So here I am. Throwing it at you. Oh and  the character that’s speaking is a bit profane. In case that bothers you. Consider yourself warned.



What a fucking joke.

My dad always used to tell me that disasters worried most people. But after O’keefe hit New York City some thirty years ago, it’s all changed. Now everyone is sitting around hoping to God that someday, soon, another fucking rock’s going to swoop in and hit us. How did that turn into a good thing?

See when it was all going down, when it was real fresh, everyone was focused on helping people. Get the survivors out of the rubble. What rubble the damn thing left. Most of the city was vaporized on contact. O’keefe was a big boy.

Then someone huffed something they shouldn’t have. Bruce Eddington. Crazy Eddy. Braincase. The first fucking Creep right out of the ruins of New York. My dad was there. He actually met the poor bastard.

Eddy had been a fireman in Brooklyn. When the rock came down, he and a dozen of the men from his station survived somehow. Never was able to get an answer from him before he changed. They were the first ones to find survivors, started shuttling them out of the dust. Made two trips in then they just disappeared.

No one saw Eddy or the rest of them for another month after that. Until one day in Pittsburgh some kid found him wandering the streets, babbling and drooling on himself. And everyone latched onto it. One thing led to another then Bam! He was officially government property, living in a bunker in what was left above water out in Buffalo.

Didn’t take long for some hack in a lab coat to figure out snuffing the gas from that beast of an asteroid made you some sort of psychic or some such nonsense. I don’t know how it all works exactly.

But I do know this: Creeps will get in your head if you aren’t careful. Hell, they’ll even do it when you are. That’s number one. Number two is that you can’t trust them. They don’t talk hardly after they change and they lose hold on a lot of important concepts. Like personal fucking space. And three is that they are valuable as all hell.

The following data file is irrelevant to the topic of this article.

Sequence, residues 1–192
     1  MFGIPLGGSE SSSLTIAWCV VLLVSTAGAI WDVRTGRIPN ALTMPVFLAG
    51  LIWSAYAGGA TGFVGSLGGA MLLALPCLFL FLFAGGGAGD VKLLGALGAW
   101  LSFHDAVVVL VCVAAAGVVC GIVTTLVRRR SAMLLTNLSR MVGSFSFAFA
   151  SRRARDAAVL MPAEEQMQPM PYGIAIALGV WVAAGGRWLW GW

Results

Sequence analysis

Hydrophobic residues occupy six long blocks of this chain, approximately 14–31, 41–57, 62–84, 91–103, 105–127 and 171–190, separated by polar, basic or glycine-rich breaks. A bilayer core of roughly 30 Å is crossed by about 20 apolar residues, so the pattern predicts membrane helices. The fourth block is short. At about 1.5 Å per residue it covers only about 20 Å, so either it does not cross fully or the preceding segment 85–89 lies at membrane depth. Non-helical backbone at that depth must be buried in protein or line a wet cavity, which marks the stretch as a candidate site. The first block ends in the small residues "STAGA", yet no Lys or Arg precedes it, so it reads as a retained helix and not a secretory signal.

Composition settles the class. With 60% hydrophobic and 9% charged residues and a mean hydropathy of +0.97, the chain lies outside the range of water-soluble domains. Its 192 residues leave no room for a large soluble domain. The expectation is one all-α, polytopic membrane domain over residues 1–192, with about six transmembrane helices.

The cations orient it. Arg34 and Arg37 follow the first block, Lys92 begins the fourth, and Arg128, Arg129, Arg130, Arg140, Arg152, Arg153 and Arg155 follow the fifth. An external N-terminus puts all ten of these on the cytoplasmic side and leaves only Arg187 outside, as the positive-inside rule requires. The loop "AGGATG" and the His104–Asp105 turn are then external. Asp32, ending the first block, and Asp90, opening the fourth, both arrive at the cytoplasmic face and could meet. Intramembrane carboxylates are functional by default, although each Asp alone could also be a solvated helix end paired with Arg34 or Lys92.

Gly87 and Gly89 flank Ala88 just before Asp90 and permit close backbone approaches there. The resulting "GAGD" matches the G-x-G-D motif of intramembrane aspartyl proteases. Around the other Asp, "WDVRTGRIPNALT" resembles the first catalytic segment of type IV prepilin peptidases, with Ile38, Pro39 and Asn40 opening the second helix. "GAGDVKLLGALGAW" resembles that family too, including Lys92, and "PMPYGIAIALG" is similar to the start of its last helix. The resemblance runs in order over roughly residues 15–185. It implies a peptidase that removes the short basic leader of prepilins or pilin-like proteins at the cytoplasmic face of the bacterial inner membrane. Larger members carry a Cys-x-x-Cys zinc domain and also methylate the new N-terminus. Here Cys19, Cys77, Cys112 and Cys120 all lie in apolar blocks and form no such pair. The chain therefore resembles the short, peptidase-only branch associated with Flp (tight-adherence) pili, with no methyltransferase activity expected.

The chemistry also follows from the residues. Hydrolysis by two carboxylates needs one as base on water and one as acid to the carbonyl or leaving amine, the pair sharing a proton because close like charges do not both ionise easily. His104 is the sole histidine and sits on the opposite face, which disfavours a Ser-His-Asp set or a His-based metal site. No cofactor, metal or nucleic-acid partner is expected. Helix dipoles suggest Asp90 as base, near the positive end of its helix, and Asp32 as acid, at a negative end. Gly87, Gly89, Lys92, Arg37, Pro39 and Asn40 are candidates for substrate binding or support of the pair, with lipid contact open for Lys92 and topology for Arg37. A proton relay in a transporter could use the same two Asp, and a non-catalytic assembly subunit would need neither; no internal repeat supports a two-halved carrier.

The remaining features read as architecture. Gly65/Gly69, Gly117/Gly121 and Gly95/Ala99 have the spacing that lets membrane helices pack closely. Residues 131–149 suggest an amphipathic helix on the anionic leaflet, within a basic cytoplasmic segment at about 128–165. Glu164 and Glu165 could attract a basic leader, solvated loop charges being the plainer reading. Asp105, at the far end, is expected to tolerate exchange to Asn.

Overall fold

Poor Eddy lit a fire back up under the space race. Got to find more rocks. Make more Creeps. And the shit they need only floats out in deep space.

Lab coats will tell you that a Creep is just like you and me. They’re full of shit. I can talk for starters. I don’t spend my day drooling all over myself and staring off into space thinking about, whatever. But Spence will swear up and down they’re still real fucking people. He’s fooling himself.

Near as I can tell it’s his own little way of justifying the dirty business he conducts on the off hours. I can understand a guy gets lonely after months on a rock with no one to talk to. He’s got it worse than me and Dodge. Least I can tolerate Dodge. We can have a fucking conversation. Spence spends all his time with the creeps. And all his off duty time with one in particular.

Spence puts a lot of effort in trying to cover his tracks. I’m pretty sure he thinks Dodge and I don’t know any better. Not that he has to hide it. There aren’t any rules against putting in a little personal time with a female ‘staff member’.

But then I probably wouldn’t want anyone to know I was knocking boots with a girl who was about as smart as a sweet potato either. The other lab coats would probably frown on that.

Space is a lonely place.

And we’re right in the middle of the most out-of-the-way back yard in the region.



The millionth fucking rock we’ve found floating in space that we can’t think of a real name for because we ran out a million names ago. It’s home for us right now. Me, Spencer, Dodge and a half a dozen Creeps.

Three years on Titan, six in the Uppers and this is where me and Dodge end up. Babysitting a lab coat and his side-show on a rock in the middle of nowhere. We call it the Circus. It’s up at dawn to go walk the kiddies and back at dusk to tuck them in and make sure no one dies or gets lost along the way.

It’s total bullshit.

Dodge is about the same way. At least he doesn’t complain when I bitch about it.

What did we expect? It was court-martial or this. Probably jail, maybe worse, or babysit creeps on a rock. So what did we pick? You already know the answer.

It’s all rainbows and unicorns and bourbon up here baby.